Zim Needs U.S.$1,5 Billion Annually for Infrastructure

Finance and Economic Planning Minister Patrick Chinamasa, has said Zimbabwe requires around $1,5 billion annually for infrastructure to kick start economic growth.

This comes as the Government moves to improve roads, rail and housing delivery system to stimulate the economy.

Minister Chinamasa recently told parliament that a significant fund should be reserved yearly to develop energy, water, rail and Information and Communications Technology (ICT) sectors.

“We should be setting aside at least $1,5 billion annually towards our infrastructure. I want us to go on a journey together, collectively, step-by-step to get us out of the current situation and put right the structure of our budget.

“We made serious efforts in this budget to sort out the fiscal deficit, to sort out the employment structure in the civil service.

“All the income that we are receiving is going towards the payment of our wages including ourselves and none is left for operations, which is also an issue raised in the contributions,” said Minister Chinamasa.

He said: “What we have to accept is that, until we change that structure, we are not doing our country any good because we need infrastructure in order to lay the foundation for our economic growth.

“Infrastructure in energy, water, roads, ICT and housing is very important to the country’s new economic growth trajectory.”

In the 2018 budget, Government set aside a total budget of $139 million for rail, road and air projects to improve and rehabilitate the country’s transport network infrastructure to enhance their efficiency.

However, that amount is not sufficient for all infrastructure developments.

The projects, which will be funded through fiscal resources, are expected to rehabilitate and expand rail, road and air projects in 2018.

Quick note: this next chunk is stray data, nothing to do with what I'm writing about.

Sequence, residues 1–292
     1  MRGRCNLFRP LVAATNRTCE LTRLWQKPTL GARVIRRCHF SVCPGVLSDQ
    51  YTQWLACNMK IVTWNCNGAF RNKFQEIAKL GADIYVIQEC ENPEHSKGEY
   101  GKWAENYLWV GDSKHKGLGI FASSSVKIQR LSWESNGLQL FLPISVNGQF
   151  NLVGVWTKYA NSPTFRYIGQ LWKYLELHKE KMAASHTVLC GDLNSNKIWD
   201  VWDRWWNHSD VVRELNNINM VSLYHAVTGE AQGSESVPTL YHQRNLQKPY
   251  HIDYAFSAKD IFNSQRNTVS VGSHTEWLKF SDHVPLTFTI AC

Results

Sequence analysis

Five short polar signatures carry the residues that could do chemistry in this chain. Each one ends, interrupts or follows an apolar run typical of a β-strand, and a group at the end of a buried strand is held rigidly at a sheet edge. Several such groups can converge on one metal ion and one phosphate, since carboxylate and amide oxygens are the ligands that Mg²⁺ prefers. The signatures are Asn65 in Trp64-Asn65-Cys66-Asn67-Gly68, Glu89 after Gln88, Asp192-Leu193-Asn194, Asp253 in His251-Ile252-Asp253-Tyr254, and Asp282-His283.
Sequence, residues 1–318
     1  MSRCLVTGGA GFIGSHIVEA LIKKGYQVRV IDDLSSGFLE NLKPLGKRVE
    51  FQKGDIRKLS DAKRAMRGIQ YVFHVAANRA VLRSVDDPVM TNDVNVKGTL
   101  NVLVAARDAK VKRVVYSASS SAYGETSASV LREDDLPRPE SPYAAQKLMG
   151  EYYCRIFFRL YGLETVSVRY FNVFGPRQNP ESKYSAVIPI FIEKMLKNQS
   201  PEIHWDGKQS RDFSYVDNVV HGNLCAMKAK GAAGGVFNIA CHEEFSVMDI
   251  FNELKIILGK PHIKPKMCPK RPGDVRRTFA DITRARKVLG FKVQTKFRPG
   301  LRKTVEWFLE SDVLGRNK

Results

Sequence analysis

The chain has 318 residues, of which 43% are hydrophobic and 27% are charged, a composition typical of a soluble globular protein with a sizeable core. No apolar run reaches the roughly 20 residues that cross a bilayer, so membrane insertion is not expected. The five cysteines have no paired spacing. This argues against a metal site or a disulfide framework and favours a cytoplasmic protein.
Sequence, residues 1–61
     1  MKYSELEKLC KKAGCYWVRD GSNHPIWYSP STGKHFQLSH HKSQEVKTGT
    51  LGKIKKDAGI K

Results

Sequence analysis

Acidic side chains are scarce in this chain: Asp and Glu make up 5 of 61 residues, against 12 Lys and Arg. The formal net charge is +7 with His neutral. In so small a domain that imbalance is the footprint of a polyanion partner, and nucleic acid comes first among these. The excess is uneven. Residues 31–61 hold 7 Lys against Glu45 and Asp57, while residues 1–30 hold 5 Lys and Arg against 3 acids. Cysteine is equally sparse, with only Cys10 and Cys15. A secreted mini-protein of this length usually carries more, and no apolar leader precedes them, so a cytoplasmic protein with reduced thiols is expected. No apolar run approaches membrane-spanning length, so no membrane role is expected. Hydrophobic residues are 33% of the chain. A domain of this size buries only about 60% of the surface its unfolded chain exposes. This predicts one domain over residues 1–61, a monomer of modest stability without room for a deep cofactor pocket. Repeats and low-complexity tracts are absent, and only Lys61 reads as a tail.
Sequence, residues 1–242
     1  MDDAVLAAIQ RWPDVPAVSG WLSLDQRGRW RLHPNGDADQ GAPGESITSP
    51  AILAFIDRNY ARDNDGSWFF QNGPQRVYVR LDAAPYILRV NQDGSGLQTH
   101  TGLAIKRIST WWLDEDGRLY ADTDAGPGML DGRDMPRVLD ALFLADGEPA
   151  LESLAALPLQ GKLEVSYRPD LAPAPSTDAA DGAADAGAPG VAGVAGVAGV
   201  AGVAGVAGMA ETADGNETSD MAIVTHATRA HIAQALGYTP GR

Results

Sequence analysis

Minister Patrick Chinamasa said that Government will ensure all planned projects are executed accordingly.

He said: “Given the critical role of transport infrastructure in the socio-economic development of the country, investments in transport infrastructure will be prioritised in 2018, targeting road, rail and aviation.

“Due to the state of our roads, $89,6 million and the Road Fund will target improvement in road network. This is through restoration and upgrading of damaged sections and bridges, dualisation of Harare-Beitbridge and critical sections of the network and capacitation of Road Authorities.”

Meanwhile, the Infrastructure Development Bank of Zimbabwe (IDBZ) said Zimbabwe requires at least $26 billion over a period of 10 years to address a gap in infrastructural development and become competitive for investment.

The country currently has a growing infrastructure gap due to lack of investment.

In 2012, the World Bank estimated that $33 billion is required over two decades that is $1,7 billion per year while the African Development Bank puts its estimates at $2 billion per annum.

The figures are a far cry from reality, considering that Zimbabwe has used $1,9 billion for infrastructural development in the past seven years.

Figures from the IBDZ show that Zimbabwe has been using between $1 billion and $3 billion per year since 2010 with the highest figure being $500 million used in 2016.

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